Man about town

Shock, frustration as CEO rejects my work

I had to endure the talk because I did not want
I had to endure the talk because I did not want to appear disrespectful. FILE PHOTO | NMG 

I am feeling frustrated with things at the office for I dislike doublespeak and innuendo.

So, a few weeks ago, I handed over some communication to the CEO regarding the various cost-cutting initiatives that will help us deliver results.

Since the work was confidential, I did not share the information with any of my manager colleagues for feedback like is the norm.

A few days ago, the Finance manager came to me, saying we needed to have a chat.

I really do not like Joe, the Finance manager, since he likes to think he is as important as the CEO.


He closed the door indicating that the was about to launch into a serious conversation.

He said: “My guy, since we are buddies, I felt I needed to give you some feedback.”

The Finance Manager is not my friend, but I was willing to listen to him.

He then went on to tell me how the “the other day in my chat with the CEO regarding the figures and numbers you shared with him and he shared some reservations.”

I was not aware of the reservations since the boss said he liked my presentation and thought that it ticked all the boxes.

The Finance manager seemed to have a different view.

He said that the boss said my ideas were “very rudimentary and would not deliver value.”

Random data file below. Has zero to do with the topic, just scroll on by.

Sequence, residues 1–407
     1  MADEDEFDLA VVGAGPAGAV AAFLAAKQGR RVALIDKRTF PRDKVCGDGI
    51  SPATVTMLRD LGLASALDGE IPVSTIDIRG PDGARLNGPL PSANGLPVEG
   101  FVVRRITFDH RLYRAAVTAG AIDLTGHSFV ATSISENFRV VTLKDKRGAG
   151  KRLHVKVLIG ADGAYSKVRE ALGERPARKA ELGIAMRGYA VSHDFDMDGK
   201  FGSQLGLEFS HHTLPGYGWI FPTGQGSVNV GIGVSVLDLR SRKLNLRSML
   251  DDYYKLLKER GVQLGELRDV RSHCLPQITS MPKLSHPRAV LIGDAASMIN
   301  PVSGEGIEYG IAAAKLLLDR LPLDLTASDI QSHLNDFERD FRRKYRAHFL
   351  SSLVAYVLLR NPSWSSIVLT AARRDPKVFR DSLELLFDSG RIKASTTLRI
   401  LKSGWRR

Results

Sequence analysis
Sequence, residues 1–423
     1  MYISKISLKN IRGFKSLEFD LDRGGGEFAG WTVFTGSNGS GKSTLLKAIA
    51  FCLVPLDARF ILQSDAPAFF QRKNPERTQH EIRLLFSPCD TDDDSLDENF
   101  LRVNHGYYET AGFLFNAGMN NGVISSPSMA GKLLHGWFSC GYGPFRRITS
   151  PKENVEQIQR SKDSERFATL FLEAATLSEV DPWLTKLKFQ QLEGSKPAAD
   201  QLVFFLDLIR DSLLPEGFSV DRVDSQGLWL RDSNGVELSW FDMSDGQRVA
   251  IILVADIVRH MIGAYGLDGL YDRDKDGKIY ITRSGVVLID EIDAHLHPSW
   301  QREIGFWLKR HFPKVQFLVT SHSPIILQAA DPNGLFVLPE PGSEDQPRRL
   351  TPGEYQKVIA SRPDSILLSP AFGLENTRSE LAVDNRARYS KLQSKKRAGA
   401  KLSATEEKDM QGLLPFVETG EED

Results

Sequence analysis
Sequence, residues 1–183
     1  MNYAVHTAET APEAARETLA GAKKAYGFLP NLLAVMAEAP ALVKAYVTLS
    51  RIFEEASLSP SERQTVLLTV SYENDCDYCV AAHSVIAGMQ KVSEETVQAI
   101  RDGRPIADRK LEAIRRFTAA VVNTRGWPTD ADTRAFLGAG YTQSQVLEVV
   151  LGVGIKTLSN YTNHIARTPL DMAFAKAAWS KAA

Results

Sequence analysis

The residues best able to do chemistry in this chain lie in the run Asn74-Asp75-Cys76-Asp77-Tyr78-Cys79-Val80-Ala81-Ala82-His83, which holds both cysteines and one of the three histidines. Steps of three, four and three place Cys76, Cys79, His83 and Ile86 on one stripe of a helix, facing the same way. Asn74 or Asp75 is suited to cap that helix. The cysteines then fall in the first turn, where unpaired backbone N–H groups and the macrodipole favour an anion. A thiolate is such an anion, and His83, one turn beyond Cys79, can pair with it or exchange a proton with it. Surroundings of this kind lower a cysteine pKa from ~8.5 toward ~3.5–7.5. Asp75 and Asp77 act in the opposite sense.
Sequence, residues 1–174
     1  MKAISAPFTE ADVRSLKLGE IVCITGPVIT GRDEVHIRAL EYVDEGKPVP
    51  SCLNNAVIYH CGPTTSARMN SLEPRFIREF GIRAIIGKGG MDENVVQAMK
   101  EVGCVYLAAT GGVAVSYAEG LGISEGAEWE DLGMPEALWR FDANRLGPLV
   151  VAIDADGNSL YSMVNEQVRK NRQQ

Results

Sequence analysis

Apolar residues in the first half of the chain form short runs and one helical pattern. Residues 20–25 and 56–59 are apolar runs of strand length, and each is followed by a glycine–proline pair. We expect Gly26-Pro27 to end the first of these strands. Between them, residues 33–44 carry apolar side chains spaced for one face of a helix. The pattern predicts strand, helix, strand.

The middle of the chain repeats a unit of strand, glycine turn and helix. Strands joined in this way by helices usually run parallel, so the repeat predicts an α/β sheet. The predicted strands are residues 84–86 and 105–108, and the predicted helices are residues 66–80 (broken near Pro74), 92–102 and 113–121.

I was seriously annoyed about this, especially when the Finance manager went on to say how he had been asked to reassess the numbers and presentation to improve it.

I was really galled by this and said: “Oh well, I am sure that since you are the finance guru, you will work your magic.”

I went back to my work though I was feeling upset. I decided to call my life coach and ask for his guidance on how to deal with the issue.

Amisi was clear and said: “You cannot let this pass, you need to get more tangible feedback from the CEO.”

I told him: “I do not believe in peddling gossip and hearsay” but he responded swiftly, saying “it seems that the CEO has some concerns regarding your output and you need to get on top of it.”

Amisi suggested that “you face the CEO and ask him to give you specific feedback so that he does not bring it later at the wrong forum during your annual review.” It could be lethal, he warned.

So, a few days later, I decided to ‘accost’ the CEO.

I started: “I hear you have some reservations about my presentation, and wanted to get more specifics so that I can improve.”

To be honest, I was somewhat disappointed with his feedback for it was very general and all over the place.

He said that my suggestions were not “aggressive or bold enough.”

He said, for example, that “I am surprised you did not bring up suggestions about outsourcing some of our support staff or changing from owning to leasing cars.”

Frankly, I was surprised by his views because we already lease all our cars and except for two of our staff — who work in his office — all our support staff are outsourced

I have since learnt not to fight too hard with the boss, so I thanked him for the feedback, promising to incorporate his thoughts next time.

He then went on to talk for half an hour about the importance of feedback and how he deals with it in his life.”

I had to endure the talk because I did not want to appear disrespectful.

So, imagine my shock when he said: “I think you and the Finance manager should work together on this next phase.”